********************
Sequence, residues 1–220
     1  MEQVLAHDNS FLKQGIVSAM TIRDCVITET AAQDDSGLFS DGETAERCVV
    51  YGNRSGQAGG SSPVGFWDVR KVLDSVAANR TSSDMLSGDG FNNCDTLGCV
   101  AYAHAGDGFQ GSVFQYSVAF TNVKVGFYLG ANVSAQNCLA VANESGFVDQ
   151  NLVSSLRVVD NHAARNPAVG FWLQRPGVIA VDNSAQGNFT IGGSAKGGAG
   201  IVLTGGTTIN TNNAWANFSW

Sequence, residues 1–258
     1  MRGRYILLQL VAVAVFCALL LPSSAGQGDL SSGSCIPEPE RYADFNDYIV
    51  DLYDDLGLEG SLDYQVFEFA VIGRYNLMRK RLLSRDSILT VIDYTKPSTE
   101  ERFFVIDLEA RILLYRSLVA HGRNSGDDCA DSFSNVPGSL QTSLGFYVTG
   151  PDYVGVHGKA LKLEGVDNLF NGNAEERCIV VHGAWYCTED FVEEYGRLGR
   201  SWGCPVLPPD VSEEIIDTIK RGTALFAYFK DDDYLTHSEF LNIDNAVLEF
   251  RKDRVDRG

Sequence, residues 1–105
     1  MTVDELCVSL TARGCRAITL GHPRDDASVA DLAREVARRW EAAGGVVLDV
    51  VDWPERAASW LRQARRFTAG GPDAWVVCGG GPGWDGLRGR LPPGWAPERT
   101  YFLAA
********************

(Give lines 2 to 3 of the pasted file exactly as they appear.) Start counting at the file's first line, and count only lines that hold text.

     1  MEQVLAHDNS FLKQGIVSAM TIRDCVITET AAQDDSGLFS DGETAERCVV
    51  YGNRSGQAGG SSPVGFWDVR KVLDSVAANR TSSDMLSGDG FNNCDTLGCV